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Predicting origami-inspired programmable self-folding of hydrogel trilayers

Jinxiong Zhou's picture

Imitating origami principles in active or programmable materials opens the door for development
of origami-inspired self-folding structures for not only aesthetic but also functional purposes. A
variety of programmable materials enabled self-folding structures have been demonstrated across
various fields and scales. These folding structures have finite thickness and the mechanical
properties of the active materials dictate the folding process. Yet formalizing the use of origami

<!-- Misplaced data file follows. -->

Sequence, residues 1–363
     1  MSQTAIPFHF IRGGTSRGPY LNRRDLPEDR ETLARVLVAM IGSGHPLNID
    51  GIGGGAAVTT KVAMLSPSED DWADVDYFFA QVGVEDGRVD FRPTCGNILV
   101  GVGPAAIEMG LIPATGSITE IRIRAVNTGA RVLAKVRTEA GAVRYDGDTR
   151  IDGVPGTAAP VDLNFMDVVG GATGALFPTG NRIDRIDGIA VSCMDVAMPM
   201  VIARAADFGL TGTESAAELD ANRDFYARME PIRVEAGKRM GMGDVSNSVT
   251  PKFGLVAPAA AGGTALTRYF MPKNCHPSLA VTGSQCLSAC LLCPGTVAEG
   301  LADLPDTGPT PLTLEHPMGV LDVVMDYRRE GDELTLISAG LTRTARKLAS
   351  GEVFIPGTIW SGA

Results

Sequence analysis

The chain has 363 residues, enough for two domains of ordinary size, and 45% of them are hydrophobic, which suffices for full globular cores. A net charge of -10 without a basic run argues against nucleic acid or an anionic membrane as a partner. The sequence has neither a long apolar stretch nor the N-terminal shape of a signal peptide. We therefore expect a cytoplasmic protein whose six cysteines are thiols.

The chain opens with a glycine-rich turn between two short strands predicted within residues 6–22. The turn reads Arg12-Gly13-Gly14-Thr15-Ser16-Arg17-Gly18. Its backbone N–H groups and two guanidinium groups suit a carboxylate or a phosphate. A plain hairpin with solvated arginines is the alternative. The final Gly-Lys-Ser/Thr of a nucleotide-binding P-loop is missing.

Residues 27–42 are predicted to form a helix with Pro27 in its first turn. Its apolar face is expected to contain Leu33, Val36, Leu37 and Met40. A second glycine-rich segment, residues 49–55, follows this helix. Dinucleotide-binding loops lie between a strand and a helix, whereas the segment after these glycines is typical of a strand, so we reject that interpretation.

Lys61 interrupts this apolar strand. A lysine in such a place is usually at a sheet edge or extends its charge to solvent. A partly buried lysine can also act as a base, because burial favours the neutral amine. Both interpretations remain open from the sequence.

rules for use in computer modeling has been challenging, owing to the zero-thickness theory and
the exclusion of mechanical properties in current models. Here, we describe a physics-based
finite element simulation scheme to predict programmable self-folding of temperature-sensitive
hydrogel trilayers. Patterning crease and assigning mountain or valley folds are highlighted for
complex origami such as folding of the Randletts flapping bird and the crane. Our efforts
enhance the understanding and facilitate the design of origami-inspired self-folding structures,
broadening the realization and application of reconfigurable structures.

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